“There you are!” Jared appeared around the corner and walked down the grocery aisle toward me. “I’ve got a bag of lentils, five packs of minute rice, peanut butter, a loaf of bread and a dozen eggs. What did you get?” I said nothing but held up a box of red wine. He furrowed his brow. “Lea, it’s five days. And we have to carry everything.” I put the box back.
“Good point. Five days is a long time.” I picked up the larger, 2L box and put it in my basket next to a bag of dried kiwis. “I’m ready.” Jared frowned and tipped his head to one side. “I’ll carry it!” I proclaimed and promised, “You’ll be so glad we have it.”
Neither of those statements proved true. Less than half an hour into our five day hike of The W in Torres del Paine I was sure of only one thing — I could not do this.
We had completed a three month circle of South America and this was to be our story’s climax. I did not pack appropriately. I carried actual dishes with us, packed an extra pair of shoes, insisted on scrambling fresh eggs every morning and let’s not forget the aforementioned wine, which I drank from a travel wine glass. Because that’s a necessity. I will say this for 26-year-old Lea, she had class.
She lacked foresight, however, and among her many luxuries, failed to pack her poncho. In Patagonia, there are two cardinal rules — you say “buenas” to other travelers on the trail and you never forget your rain gear.
So there I am, drunk and wet. Just kidding, I was sober and the sun was beating down on my tender Irish skin when I shouted “break” for the 11th time in under an hour, the first hour, of what was to be a 5 day, 50ish mile hike through the mountains. Jared stopped 20 yards ahead of me and sat down. I inched my way to him, cursing every cigarette I ever smoked. When I finally arrived, he insisted on taking the wine out of my pack and carrying it, in his hands, for the next 8 miles.
We eventually made it to El Chileno, our first camp, just before sunset. Jared rushed to set up the tent while I prepared our dinner of lentils and rice, pesto flavor tonight. We are a divide and conquer couple, functioning at our best when we have separate tasks to complete. I poured a glass of wine and offered it to Jared, who shook his head. “I think I’m getting sick.” I worked to contain my eye roll because OF COURSE HE WAS SICK. Jared has always, since toddlerhood, been an extremely clean child and has grown into an adult with the immune system of a homeschooled preteen. I used to put pennies in my mouth.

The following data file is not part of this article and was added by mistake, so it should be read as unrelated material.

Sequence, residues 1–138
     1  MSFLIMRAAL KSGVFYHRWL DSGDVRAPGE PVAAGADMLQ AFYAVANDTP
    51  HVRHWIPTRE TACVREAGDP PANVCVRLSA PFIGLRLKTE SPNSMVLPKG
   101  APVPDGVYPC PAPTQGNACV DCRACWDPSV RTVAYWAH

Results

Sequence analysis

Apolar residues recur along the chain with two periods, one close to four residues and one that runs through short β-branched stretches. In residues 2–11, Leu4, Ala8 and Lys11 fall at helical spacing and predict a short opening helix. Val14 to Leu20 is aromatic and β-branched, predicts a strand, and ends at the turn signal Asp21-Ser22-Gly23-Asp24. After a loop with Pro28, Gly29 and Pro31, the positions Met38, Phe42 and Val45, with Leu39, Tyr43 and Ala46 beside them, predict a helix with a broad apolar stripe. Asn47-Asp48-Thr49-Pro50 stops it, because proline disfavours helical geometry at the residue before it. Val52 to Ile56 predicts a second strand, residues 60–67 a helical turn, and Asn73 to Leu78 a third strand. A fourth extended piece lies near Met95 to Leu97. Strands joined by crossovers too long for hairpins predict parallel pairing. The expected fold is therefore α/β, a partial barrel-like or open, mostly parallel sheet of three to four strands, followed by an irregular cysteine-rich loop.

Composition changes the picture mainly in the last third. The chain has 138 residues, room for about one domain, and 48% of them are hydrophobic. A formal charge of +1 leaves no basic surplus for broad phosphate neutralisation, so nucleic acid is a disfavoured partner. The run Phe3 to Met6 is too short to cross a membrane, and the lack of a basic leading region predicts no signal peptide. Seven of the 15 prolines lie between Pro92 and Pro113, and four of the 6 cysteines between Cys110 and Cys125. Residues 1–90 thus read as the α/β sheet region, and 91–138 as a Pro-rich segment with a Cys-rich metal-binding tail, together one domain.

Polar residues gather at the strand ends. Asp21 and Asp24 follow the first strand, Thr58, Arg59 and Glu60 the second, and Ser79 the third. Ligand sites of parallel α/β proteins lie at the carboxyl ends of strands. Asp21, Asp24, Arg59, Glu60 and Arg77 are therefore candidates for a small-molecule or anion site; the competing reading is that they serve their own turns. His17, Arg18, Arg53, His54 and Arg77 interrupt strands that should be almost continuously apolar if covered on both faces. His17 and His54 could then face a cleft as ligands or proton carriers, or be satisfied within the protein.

More wine for me, then. So much more wine that I fell asleep without brushing my teeth and woke up in the middle of the night with a bladder too full to ignore. Reluctantly, I ventured into the darkness, fumbling with my flashlight as I wandered toward the outhouses. While I grew up camping in a world where you can just pee in the woods, etiquette on the trail demands the patronizing of facilities where available. So to the spider den I went. Upon hearing a rustle among the silence, I instinctively turned my light toward the noise and saw two steely blue eyes staring at me.
My heart started beating in my chest and the sensation from my bladder dissipated. I knew there was wildlife in these woods, just as I know snakes live in Texas. I still wasn’t expecting to see a wolf on my way to the toilet. In my still-tipsy stupor, instead of doing whatever you are supposed to do in the case of dangerous wildlife encounters, I ran back to the tent and decided my bladder could wait until morning.
That was Day 1.
Day 2 began 45 minutes later as we rose to hike, in the dark — almost vertically, to see the sunrise over the Towers.
Worth it, right? Just kidding, this is from Google images. We hiked for 2 hours in the pitch black to see this view as the world got lighter but the sun never rose.
My sweet partner, in all his joyous glory, would be deterred neither by the cold nor the fog, nor my profligate disregard for luggage space. We were energized and ready for the rest of the hike, which would prove to be a beautiful if painful stripping down of the material self and absolute reliance on one another. Day 2 was the best and the worst day. It was the day I finished the wine.